Directed By: Christopher Nolan
Starring: Leonardo DiCaprio, Joseph Gordon-Levitt, Ellen Page, Tom Hardy, Ken Watanabe, Dileep Rao, Cillian Murphy, Marion Cotillard
Why do we dream? Does anyone really know for sure? Probably not, but writer-director Christopher Nolan takes a stab at breaking down the structure of a dream and the influence of the subconscious in Inception. There’s nothing more perplexing than the unknown and Nolan uses that to his advantage. It’s one thing to simply make up a story about a theoretical concept, but it’s another to come up with a scenario and actually make it feel real and that’s exactly what he achieves in Inception. It may be Nolan’s dream world, but it’s so exciting, so disturbing and seems so authentic, you might start to wonder.
Dom Cobb (Leonardo DiCaprio) is an extractor. He’s employed to sneak into people’s dreams and steal their secrets. Turns out the gig comes with some serious baggage and Cobb wants out, but the only way he can safely return home is by completing one last job for a businessman named Saito (Ken Watanabe). The problem is, Saito doesn’t want Cobb to snatch someone’s secret information, he wants him to do the unthinkable, plant an idea in a subject’s mind – inception.
The general premise, while intriguing, can sound pretty absurd, but Nolan approaches the story in such a well thought out and artistic manner, it practically feels real. Even when the information is sparse, Nolan grabs hold and doesn’t let go through sheer stellar action and cinematography. In the film’s opening scene, little is known about Cobb’s line of work, however, you’re eager to join his cause making the reality of the situation a little easier to digest when Cobb comes to. And that’s when the real fun begins.
Once the stage is set, Cobb begins to assemble his team for the inception gig. He’s already got his right hand man, Arthur (Joseph Gordon-Levitt), but now must find himself an architect. That’s where Ellen Page comes in. She plays Ariadne, a budding designer who’s swooped up by Cobb and hurled into his dream worlds. Cobb also enlists the help of a forger, Eames (Tom Hardy), a chemist, Yusuf (Dileep Rao), and even agrees to take his employer, Saito, along for the ride. Together they’ll infiltrate the mind of an heir to a major corporation, Robert Fischer, Jr. (Cillian Murphy), and plant an idea so deep inside, he’ll think it was his all along.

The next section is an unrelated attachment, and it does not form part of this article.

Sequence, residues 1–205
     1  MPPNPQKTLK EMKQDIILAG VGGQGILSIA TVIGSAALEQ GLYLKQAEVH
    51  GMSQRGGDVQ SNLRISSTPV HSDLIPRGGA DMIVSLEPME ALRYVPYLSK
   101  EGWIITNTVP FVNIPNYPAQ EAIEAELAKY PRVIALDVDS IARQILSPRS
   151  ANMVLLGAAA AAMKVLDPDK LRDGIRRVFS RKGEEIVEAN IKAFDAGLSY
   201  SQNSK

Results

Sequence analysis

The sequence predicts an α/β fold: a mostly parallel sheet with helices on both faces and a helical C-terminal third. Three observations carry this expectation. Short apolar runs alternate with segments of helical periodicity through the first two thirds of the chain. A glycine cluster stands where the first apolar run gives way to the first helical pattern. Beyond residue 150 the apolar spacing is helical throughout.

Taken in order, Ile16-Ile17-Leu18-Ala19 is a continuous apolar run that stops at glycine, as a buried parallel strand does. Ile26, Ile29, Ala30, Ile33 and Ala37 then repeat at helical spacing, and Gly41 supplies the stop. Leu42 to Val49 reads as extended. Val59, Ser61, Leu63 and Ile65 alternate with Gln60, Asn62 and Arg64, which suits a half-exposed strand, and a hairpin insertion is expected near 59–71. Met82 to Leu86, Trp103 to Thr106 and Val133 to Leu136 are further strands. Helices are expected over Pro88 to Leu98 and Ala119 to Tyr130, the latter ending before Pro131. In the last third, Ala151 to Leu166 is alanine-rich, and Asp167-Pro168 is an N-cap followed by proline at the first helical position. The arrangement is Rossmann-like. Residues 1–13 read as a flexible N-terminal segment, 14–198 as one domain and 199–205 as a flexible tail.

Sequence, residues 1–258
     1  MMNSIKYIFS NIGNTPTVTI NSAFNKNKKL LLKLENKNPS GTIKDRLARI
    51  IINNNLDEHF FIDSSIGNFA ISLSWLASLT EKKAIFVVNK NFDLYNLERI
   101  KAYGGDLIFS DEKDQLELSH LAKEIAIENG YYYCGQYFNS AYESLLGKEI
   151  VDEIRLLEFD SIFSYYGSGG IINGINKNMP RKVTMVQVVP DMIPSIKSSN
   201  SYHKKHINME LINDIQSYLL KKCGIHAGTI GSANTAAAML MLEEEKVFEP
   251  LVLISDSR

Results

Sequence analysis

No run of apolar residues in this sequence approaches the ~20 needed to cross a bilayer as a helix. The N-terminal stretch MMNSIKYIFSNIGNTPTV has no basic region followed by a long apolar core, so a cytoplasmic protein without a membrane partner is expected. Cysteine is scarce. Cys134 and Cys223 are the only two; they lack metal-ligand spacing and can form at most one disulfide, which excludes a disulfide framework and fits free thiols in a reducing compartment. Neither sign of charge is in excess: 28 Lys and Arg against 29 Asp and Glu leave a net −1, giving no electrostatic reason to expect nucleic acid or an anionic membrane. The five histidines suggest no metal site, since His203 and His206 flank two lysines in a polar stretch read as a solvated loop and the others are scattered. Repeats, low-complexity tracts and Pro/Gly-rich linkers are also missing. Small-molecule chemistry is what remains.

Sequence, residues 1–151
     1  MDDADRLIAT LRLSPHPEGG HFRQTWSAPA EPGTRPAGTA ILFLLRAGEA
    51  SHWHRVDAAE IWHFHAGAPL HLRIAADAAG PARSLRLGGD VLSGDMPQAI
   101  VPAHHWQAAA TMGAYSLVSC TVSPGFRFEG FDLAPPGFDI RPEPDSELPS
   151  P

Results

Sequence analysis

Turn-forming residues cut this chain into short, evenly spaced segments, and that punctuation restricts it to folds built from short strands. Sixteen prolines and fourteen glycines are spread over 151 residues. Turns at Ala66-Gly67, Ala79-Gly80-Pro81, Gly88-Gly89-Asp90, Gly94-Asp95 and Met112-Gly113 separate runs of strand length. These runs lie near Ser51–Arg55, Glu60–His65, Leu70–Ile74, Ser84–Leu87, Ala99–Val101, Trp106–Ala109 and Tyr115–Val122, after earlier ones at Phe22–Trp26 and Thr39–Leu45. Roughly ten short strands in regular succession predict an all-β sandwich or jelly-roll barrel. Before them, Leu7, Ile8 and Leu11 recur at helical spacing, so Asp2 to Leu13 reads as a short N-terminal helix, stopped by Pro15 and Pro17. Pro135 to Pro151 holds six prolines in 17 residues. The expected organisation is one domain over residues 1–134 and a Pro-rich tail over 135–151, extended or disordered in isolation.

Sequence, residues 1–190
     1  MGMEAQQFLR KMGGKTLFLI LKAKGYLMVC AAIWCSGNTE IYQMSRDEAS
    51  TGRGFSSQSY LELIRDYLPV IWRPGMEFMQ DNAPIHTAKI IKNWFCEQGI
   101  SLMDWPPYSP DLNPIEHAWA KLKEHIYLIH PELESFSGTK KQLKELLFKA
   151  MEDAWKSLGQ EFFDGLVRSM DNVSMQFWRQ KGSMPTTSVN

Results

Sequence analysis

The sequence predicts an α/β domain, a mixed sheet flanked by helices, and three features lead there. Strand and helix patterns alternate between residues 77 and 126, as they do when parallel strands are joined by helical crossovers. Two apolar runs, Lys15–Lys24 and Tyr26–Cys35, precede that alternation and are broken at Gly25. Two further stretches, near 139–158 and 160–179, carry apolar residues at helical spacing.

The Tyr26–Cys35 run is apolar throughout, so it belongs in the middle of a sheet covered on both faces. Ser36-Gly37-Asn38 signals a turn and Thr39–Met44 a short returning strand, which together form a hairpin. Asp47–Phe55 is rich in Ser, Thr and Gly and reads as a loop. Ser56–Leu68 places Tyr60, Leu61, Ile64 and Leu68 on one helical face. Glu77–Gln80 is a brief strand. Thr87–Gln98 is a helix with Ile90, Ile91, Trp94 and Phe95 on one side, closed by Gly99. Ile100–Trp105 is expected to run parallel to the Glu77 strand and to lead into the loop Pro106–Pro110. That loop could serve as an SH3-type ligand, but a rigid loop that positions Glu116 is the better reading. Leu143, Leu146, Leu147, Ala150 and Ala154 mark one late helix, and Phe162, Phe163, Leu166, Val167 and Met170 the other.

Inception clocks in at a whopping 148 minutes, but not once will you feel compelled to check your watch. The drizzle of data during the opening sequence quickly becomes a shower once Cobb amasses his crew and from then on, even blinking can run you the risk of missing a vital piece of information. You’re not a member of the audience, you’re a member of Cobb’s team and should you misstep, it could thwart the whole operation.
Further aiding Nolan’s effort to suck you into the scenario is his superb depiction of the action. In reality the colors are rich and the characters engaging, but once the player drifts off into sleep, Inception has the power to really blow your mind. Ariadne’s first venture into dreamland is particularly memorable. As a novice in the arena she tests out her surroundings without restraint. Amidst the overwhelming amazement of it all, she fails to recognize the danger at hand and when she’s left staring it in the eye, the terror is overwhelming. Nolan’s ability to transfer the sensation of the characters to the audience is truly profound. At one point, a man goes headfirst into a windshield and you can practically feel the impact yourself.
Nolan’s filmmaking technique is the tar of this film, but that’s not to say the cast doesn’t add to it. Everyone is superb. As usual, DiCaprio commands your attention with ease. His character is packed with uncertainty, a doubt that creates an immense amount of frustration for it puts his life and his teammates’ lives in jeopardy as well, yet he still manages to make Cobb appealing and even emit a sense of comfort. Page is responsible for most of that likeability for it’s her good-natured character that gives the audience a taste of what’s beneath Cobb’s harsh exterior. But it’s Arthur and Eames that are the most fun of the bunch. Hardy delivers the majority of the film’s humor while Gordon-Levitt pulls off an absolutely incredible fight sequence. Watanabe aces his portrayal as well taking Saito from a two-dimensional businessman with an agenda, to a fully engaging and endearing individual. Without running the risk of spoiling any of the film’s reveals, Cotillard’s assessment will be left at this – she’s incredible.
However, even with all of these assets, there’s one thing that makes Inception a little frustrating; it’s difficult to understand. The confusion doesn’t necessarily spoil the experience, but it certainly puts a damper on the drive home. It’s easy to feel like you missed something, or perhaps you didn’t miss anything at all. Maybe it’s just a concept left to the viewer’s imagination. Either way it makes it feel as though something’s missing or isn’t quite complete.
On the other hand, this is a key element that makes Inception particularly impressive; unlike most good films that offer an enjoyable experience and send you on your way, Inception stays with you and not just on your way home, but for quite a while. The more you try to decipher the clues and ways in which the story plays out, the deeper you venture into Nolan’s world and the more enraptured you’ll become in what you’ve just witnessed. But be careful for if you go too deep, perhaps you’ll never come out.
By Perri Nemiroff